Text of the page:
Sawant Actually Takes Risks With Her Press Statements
Posted by Dominic Holden on Wed, Mar 19, 2014 at 2:03 PM
Love her or hate her, Seattle City Council member Kshama Sawant's official press statements are the best reading at City Hall. They're blunt, vigorous, and amount to a political high-wire act. That's the opposite of press statements from her colleagues, who tend to issue vacuous platitudes about non-issues or make comments that are so mealy-mouthed that you've got to read between the lines to decipher their implications. There's no doubting what Sawant thinks. You may disagree with her, but today she just comes right out with her position on a leading city debate: Corporate giants are hiding behind small businesses, essentially taking advantage of them as political props, in their fight against raising the minimum wage to $15 an hour. Then she presses Mayor Ed Murray to say that large companies can begin paying $15 an hour immediately. Take it away!
Sawant says, “Big businesses need to be exposed. They are hiding behind small businesses in the debate on $15/hr."
SEATTLE — Councilmember Kshama Sawant offered the following statement in response to favorable reactions to her proposal of a new specific policy direction for $15/hour minimum wage. The proposal was announced as part of her speech last Saturday, March 15th:
“It’s been said before, but worth re-stating: we need a full minimum of $15/hour for all of Seattle’s workers. Small nonprofits that provide essential human services have been struggling with stagnant government funding. The best path is to tax the rich and big businesses to ensure that human services are fully funded, and the employees of micro businesses and human service nonprofits also get a full $15/hour.
“Conversations and newspaper columns have brought up carve-outs like tip credit, total compensation, training wages and teenage wages, which are completely contrary to the interests of workers. Big businesses have not shown their faces in the debate, and they are glad as long as they can hide behind small businesses.
“The Mayor has expressed concerns about ‘very small businesses’. If the concern is about small businesses, then I would assume Mayor Murray agrees with me that big businesses can pay $15/hour now.
“To help the Mayor’s Advisory Committee begin to make some progress, I have proposed we separate out the issue of how to implement the $15/hour minimum wage for big businesses versus non-profits and small businesses. I am proposing that big business pay $15/hour starting January 1, 2015, with a yearly cost of living increase and no tip credit, no total compensation, no teenage wages and no training wages.
“Economic studies show that small local businesses benefit from higher wages to workers, who are also consumers. To make progress, however, I am proposing a three-year phase-in for small businesses and human service providers, starting with an $11/hour minimum wage on January 1, 2015 and increasing up to $15/hour in three years with a yearly cost of living increase.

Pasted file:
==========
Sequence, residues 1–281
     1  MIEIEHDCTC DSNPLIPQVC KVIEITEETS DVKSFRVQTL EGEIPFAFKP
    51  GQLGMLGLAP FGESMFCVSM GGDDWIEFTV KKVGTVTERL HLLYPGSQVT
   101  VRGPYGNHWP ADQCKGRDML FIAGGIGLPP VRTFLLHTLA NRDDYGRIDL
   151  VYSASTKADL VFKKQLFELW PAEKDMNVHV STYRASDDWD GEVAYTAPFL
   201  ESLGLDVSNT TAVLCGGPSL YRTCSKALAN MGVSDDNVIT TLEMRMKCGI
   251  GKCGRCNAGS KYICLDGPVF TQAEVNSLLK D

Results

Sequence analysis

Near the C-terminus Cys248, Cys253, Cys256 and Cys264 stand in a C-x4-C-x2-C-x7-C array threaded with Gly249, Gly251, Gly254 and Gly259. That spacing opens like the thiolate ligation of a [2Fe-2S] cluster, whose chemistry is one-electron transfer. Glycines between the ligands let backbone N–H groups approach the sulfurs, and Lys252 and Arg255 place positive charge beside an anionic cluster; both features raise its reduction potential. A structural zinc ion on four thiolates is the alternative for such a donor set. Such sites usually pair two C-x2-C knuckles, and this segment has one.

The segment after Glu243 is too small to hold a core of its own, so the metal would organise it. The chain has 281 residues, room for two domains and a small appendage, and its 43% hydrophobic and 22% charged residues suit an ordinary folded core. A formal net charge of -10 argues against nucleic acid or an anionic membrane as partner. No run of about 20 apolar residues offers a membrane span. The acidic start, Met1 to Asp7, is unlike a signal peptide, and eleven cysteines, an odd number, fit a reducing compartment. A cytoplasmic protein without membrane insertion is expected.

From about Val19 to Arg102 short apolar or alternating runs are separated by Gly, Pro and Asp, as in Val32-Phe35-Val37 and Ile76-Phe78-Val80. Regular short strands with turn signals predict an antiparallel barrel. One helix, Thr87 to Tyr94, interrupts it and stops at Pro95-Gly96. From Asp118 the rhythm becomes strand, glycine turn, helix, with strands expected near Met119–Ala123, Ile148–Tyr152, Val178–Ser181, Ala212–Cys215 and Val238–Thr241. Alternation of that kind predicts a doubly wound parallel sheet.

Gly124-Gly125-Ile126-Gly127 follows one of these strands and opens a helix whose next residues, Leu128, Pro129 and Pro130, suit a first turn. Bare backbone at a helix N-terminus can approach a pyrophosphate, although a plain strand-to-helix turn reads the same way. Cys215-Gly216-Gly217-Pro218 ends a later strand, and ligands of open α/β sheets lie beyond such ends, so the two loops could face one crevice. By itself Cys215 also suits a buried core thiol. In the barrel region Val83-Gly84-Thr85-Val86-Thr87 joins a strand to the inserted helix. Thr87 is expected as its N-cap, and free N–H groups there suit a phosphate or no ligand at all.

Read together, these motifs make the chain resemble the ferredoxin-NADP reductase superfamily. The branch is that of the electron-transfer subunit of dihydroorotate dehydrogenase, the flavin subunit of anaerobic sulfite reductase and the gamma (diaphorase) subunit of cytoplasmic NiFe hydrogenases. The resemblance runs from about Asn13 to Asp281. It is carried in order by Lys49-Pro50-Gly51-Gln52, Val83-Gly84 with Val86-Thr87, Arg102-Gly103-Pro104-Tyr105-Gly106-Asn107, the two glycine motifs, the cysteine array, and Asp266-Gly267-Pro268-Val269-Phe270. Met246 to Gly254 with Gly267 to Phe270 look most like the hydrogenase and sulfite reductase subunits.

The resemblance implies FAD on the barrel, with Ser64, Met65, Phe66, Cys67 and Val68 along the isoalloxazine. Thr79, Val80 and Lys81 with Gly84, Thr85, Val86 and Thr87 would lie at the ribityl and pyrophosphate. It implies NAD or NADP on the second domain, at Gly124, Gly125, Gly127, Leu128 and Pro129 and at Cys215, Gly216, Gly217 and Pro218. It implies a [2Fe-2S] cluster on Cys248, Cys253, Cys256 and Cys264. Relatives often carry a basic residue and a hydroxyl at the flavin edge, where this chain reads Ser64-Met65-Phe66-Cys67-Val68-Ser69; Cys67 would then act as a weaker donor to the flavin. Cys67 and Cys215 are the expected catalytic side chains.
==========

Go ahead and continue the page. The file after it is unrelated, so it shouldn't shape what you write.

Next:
“Offering a phase-in to small businesses will force the discussion to focus on big businesses. People should not forget, though, that the cost of living for workers is no different regardless of the size of the company.
“My proposal has been sent to the Mayor’s Income Inequality Advisory Committee. I have asked them to discuss it as the main agenda item at their next meeting on March 26th. I welcome the call by the grassroots campaign 15 Now for workers to come together on April 26th to review the progress by the Mayor’s committee. This is an example of working class activism and democracy that I hope will spread throughout the country.”
In a city of timid, prevaricating politicians, Sawant is a hurricane of fresh air. She's hounding the wealthiest, most powerful folks in town. That doesn't mean everything she says is gold. Like, it's not clear that the city can just begin taxing the rich. But at least she's transparent. Too many of her colleagues don't take a risk—they don't stake out a clear position or take aim at the opposition—for fear of leaving themselves exposed to criticism, and, as a result, those standard-issue Seattle politicians never take risks to do anything particularly useful, either.
Coming back to Sawant's proposal for a "three-year phase-in for small businesses," Sawant still needs to define how to distinguish a small business from a large one. And she says she must decide soon, as I wrote this week. On March 18, Jess Spear, the organizing director of 15 Now, told the city council that her group intends to file language for a $15-an-hour minimum wage ballot measure around April 1 based on the phased-in framework that Sawant supports. But one thing we know: When she does decide, Sawant will fire off a searingly unequivocal, perhaps unintentionally entertaining statement about it.